Tenth, we have the mass-market artist. The mass-market artist is interested in large-scale success and in reaching the most people possible, whether in a hit television show, with a hit book, with a hit CD, and so on. Here is how a mass-market artist might speak to herself about her relationship to society in the context of painting flowers: “I’m going to finesse my way onto that new reality show where twenty people live together in a glass house and do my darnedest to become the villain on that show, since becoming the fan favorite isn’t in my nature. By the end of that series the whole world will be wanting my flower paintings—which I’ll hire some people to paint while I’m toiling away in that glass house becoming a celebrity.”
Eleventh, we have the small business artist or merchant artist. The small business artist is functionally like any shopkeeper on any village street, hand-selling her poetry chapbooks, scented candles, homemade CDs, watercolors, or other merchandise—nowadays in cyberspace as well as in brick-and-mortar outlets. Here is how a small business artist might speak to herself about her relationship to society in the context of painting flowers: “I’m going to paint the idiosyncratic flowers I want to paint, put up an attractive website, and market to those members of society who might take an interest in what I paint. I’m going to create my cyberspace presence and see who comes along to shop.”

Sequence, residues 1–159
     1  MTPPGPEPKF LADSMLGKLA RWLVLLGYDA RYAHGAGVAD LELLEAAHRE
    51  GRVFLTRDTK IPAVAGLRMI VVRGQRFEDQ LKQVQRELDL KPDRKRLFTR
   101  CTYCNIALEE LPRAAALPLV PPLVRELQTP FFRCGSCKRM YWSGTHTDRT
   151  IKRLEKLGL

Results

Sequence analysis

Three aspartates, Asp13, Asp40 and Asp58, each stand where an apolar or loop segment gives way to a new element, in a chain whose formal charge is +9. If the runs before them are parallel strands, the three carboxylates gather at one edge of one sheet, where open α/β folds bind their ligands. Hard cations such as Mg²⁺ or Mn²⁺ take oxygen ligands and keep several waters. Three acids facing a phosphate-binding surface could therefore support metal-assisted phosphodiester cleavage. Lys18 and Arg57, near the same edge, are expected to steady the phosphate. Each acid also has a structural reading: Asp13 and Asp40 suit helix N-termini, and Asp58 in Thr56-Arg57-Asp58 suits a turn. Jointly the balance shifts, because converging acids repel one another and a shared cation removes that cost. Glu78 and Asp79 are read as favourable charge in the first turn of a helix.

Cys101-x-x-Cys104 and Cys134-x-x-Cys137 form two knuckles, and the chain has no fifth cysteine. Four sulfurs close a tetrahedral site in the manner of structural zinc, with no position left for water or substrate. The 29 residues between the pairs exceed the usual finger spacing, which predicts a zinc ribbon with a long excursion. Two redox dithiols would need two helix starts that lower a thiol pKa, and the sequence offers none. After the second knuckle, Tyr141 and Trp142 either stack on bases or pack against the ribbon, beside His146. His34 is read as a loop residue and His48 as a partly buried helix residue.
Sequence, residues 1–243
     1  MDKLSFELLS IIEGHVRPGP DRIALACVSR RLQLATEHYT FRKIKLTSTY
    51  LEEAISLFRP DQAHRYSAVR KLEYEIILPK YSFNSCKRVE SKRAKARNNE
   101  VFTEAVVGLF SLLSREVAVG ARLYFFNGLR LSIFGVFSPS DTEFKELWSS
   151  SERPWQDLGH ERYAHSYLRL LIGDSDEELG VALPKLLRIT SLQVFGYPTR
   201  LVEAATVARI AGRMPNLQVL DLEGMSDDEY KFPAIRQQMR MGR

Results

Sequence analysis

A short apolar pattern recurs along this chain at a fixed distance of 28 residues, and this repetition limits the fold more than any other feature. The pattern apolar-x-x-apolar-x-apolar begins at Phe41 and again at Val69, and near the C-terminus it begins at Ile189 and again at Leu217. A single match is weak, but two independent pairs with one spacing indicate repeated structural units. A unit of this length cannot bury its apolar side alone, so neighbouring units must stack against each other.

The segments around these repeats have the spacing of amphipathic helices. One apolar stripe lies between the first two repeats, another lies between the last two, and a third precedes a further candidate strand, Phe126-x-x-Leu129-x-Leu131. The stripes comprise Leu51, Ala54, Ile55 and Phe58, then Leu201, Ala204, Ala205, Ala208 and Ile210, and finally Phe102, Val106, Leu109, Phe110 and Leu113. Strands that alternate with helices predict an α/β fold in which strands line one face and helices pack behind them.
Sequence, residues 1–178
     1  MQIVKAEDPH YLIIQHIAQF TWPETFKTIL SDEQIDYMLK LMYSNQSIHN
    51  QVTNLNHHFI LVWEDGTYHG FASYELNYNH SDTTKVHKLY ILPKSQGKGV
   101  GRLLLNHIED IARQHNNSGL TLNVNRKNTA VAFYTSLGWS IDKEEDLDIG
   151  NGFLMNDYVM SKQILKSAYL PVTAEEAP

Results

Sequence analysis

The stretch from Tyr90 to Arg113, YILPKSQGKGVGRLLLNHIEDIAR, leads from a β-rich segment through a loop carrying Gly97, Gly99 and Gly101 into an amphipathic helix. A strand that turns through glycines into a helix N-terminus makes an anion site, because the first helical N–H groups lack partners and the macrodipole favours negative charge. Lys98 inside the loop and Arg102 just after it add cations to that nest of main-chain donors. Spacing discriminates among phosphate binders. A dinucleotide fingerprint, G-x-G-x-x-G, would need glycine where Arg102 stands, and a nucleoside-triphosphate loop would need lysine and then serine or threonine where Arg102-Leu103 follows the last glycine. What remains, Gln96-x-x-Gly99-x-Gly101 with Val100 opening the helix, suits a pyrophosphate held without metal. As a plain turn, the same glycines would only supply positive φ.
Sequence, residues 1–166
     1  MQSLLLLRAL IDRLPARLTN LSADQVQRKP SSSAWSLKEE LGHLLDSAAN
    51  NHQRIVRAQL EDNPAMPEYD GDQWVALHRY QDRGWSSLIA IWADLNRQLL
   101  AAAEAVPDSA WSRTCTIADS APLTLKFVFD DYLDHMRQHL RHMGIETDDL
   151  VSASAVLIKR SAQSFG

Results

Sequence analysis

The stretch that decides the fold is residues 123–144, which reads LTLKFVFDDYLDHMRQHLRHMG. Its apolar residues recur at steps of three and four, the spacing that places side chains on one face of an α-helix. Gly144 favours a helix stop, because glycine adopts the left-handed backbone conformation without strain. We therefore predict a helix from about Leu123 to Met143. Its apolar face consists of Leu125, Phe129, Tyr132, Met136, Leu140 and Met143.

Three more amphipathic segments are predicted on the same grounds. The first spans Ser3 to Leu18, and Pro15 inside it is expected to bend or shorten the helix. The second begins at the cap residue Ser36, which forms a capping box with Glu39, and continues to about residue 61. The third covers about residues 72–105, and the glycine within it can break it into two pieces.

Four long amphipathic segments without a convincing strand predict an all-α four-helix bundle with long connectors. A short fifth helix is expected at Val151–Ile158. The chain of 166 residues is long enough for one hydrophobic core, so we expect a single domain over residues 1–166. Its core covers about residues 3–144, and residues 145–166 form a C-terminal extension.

Twelfth and last, we have the contemporary postmodern artist. The contemporary postmodern artist is awash in competing choices, competing roles, competing metaphors, and competing narratives. Here is how a contemporary postmodern artist might speak to herself about her relationship to society in the context of painting flowers: “This month I’m doing installation flowers that speak to my sense of isolation and alienation from society, but at the same time I want to do a coffee table book of flower paintings that is partly ironic and also just simply beautiful, and at the same time I want to deconstruct the flower and move it way past what Mondrian ever did.”
In one form or another all of these roles are still available to today’s artist. There is a way to be a classical artist, a way to be a medieval artist, a way to be a society artist, and so on. Most artists will probably find themselves falling into one or another of the last two categories—that is, most will become small business artists who try to hand-sell to those segments of society that appreciate them or will become postmodern artists whose relationship to society changes frequently and even abruptly. But while most artists will probably find themselves in one or another of the last two categories, it’s important to remember that all of these categories continue to exist in their own way and that it will pay you enormous dividends to think through what relationship you want to fashion with your culture and your society.
Next week we’ll continue this discussion!